## How to fix an iPod reboot loop

The classic (pre-Touch) iPods from Apple are pretty good portable jukeboxes, but they have a critical flaw in how they handle certain database problems; rather than try to fix the error, they just reboot immediately, getting stuck in a boot loop. I have seen this happen on several generation of iPod, including the 5G, the 6G/Classic, and several revisions of the iPod Nano.

There are a number of things that can cause this problem, such as the COMM (comment) field exceeding the iTunes hard limit of 254 characters, or due to invalid UTF-8 byte sequences in ID3 tags (which are pretty common in the wild since ID3’s encoding standard is a bit ad-hoc and nobody can even agree on what it’s supposed to be).

Sometimes you can find the culprit by exporting your iTunes library as XML and then running an XML validator on it – this will find the most egregious encoding issues – but often you simply have to search through your library to find the files which are causing your iPod to reboot constantly. Here is a simple procedure for that.

First, when your iPod gets stuck in a reboot loop, hold down the center button and play button until it goes into Disk Mode. In iTunes, create two playlists, one called “break test” and one called “break candidate.” Drag the contents of your currently-syncing playlist(s) (or your library, if applicable), including any podcasts you may be subscribed to, into “break candidate” (this requires that you are syncing with playlists or the whole library, obviously; if you’re manually managing your iPod, this won’t quite work for you). Set the iPod to sync ONLY the “break test” playlist.

Next, do the following steps, in order:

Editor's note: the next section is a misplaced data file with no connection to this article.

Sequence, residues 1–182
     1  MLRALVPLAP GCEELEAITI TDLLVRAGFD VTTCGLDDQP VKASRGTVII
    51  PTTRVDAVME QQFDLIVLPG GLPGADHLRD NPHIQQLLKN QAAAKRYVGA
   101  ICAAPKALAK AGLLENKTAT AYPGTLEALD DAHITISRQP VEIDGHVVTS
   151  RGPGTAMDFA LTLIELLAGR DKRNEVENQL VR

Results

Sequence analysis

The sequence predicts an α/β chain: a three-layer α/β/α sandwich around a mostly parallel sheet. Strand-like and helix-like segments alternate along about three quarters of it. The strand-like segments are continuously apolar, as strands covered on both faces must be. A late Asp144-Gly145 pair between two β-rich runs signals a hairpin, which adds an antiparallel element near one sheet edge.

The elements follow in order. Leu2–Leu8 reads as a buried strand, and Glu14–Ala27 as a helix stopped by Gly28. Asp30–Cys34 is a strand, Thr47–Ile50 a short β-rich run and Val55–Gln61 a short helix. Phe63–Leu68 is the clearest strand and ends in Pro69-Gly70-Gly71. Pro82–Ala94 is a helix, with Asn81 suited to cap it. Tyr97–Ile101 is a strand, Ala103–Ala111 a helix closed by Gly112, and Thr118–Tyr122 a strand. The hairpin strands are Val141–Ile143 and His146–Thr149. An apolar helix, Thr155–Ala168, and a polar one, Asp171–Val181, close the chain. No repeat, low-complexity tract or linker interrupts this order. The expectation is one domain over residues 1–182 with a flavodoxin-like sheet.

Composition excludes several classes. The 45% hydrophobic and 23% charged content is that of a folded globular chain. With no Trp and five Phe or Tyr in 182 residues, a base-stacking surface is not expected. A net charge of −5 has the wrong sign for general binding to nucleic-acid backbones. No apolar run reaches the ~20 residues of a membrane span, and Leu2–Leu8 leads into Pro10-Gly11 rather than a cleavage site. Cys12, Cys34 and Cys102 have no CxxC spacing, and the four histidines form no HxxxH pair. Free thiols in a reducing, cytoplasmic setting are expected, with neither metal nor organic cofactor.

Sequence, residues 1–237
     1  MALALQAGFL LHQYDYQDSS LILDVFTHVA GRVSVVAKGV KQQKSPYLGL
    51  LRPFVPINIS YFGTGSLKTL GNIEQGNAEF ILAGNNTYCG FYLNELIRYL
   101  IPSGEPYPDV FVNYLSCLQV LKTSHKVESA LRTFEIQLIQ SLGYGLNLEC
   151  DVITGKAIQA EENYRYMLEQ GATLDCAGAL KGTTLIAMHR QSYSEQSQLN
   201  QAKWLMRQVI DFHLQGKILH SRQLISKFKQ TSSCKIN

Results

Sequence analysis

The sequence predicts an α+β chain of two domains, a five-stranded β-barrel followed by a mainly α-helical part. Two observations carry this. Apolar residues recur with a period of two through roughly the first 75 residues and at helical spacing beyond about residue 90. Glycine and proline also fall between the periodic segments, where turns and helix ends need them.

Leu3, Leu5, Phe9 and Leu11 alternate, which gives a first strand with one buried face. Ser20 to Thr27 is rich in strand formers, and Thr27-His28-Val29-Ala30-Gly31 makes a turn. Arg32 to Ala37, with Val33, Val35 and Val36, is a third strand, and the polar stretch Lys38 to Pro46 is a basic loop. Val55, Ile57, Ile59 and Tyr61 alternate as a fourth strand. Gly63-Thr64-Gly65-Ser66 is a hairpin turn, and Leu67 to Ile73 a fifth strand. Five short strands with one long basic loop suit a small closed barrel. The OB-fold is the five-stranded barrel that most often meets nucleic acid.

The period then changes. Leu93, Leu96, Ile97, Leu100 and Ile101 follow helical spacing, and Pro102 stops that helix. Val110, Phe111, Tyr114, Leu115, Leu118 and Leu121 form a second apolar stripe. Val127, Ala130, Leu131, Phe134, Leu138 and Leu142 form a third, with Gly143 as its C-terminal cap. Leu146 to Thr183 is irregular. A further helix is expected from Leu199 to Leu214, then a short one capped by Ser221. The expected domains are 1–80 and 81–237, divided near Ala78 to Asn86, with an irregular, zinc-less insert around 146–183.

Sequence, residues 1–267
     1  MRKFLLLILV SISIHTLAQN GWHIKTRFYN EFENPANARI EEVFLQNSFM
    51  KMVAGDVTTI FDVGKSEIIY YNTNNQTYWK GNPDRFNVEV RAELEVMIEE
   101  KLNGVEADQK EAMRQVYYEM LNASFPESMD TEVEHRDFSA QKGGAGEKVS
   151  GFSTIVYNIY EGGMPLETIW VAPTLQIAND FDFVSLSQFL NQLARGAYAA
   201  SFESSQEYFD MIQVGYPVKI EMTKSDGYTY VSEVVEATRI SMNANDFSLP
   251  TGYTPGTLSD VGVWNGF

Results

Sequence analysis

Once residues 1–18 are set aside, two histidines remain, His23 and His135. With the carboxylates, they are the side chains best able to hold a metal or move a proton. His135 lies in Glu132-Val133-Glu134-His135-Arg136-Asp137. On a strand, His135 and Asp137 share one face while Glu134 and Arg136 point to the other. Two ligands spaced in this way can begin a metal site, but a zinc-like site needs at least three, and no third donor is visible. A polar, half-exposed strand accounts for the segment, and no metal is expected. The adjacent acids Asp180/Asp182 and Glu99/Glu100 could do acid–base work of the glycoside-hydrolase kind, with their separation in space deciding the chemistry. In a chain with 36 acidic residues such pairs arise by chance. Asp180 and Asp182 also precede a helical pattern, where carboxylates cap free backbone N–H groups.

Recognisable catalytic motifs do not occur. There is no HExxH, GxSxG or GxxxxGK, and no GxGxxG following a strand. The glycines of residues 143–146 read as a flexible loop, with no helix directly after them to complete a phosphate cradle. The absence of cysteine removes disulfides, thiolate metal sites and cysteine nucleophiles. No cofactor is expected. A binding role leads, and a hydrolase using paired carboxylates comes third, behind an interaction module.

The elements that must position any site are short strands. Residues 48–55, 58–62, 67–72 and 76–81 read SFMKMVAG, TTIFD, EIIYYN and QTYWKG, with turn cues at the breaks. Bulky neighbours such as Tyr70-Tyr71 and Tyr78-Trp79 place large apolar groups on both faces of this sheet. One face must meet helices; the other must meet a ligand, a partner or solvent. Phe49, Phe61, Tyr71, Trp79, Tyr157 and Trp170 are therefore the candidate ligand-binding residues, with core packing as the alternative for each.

1. Go to the “break candidate” playlist, and select the first half of the files (click on the first one, scroll halfway down, then shift-click on the middle one; you don’t have to be exact or anything though)

2. Drag the selected playlist entries into the “break test” playlist, and then delete them from the “break candidate” playlist

3. Update the iPod, and wait for it to finish

4. On the iPod, hold down the center and menu keys for 5 seconds to make the iPod reboot

5. If the iPod fails to boot:

1. Move the first half of the files from the “break test” playlist into the “break candidate” playlist (i.e. drag them to “break candidate” and then delete them from “break test”)

2. If there are only a few songs left in “break test,” go through them to see if there’s any weird characters in the song info. If so, edit the song info and fix it.

3. Hold down center/play to put the iPod into disk mode

4. When the iPod finishes syncing, hold down center/menu to reset it

5. Repeat the above four instructions until the iPod boots

6. If the iPod boots successfully: everything in the “break test” playlist is fine, so clear out that playlist (select-all, then delete), and then go back to step 1. Repeat until both “break test” and “break candidate” are empty.

Basically, what you’re doing here is taking half of the files and seeing which ones are good. Once an entire set is good, you don’t need to test it anymore; if a set is not good then there’s at least one bad file in it, and so you narrow it down until you fix the problem. This process is pretty tedious, but it’s a lot less tedious than going through each file individually, as long as there’s more good files than bad files. If there’s at least as many bad files as good files, it’s better to just move files 10-20 or so at a time from “break candidate” to “break test.”

Even better would be if Apple didn’t leave this horrible bug in the iPod to begin with, though…